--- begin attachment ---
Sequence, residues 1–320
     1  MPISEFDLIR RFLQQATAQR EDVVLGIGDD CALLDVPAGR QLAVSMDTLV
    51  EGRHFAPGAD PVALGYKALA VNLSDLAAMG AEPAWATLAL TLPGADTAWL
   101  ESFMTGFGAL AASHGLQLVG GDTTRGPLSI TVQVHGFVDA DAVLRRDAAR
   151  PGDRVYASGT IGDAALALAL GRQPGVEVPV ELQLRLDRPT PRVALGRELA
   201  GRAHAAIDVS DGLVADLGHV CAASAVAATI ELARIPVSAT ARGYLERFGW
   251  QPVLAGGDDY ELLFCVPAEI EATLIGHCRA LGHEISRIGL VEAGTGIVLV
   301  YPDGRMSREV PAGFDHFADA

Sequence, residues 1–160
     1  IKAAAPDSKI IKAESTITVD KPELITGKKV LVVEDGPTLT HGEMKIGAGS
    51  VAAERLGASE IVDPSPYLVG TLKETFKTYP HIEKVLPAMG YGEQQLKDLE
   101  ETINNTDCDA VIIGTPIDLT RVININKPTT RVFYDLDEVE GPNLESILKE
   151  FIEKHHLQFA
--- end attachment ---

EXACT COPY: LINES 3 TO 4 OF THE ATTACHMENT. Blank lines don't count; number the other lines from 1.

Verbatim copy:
    51  EGRHFAPGAD PVALGYKALA VNLSDLAAMG AEPAWATLAL TLPGADTAWL
   101  ESFMTGFGAL AASHGLQLVG GDTTRGPLSI TVQVHGFVDA DAVLRRDAAR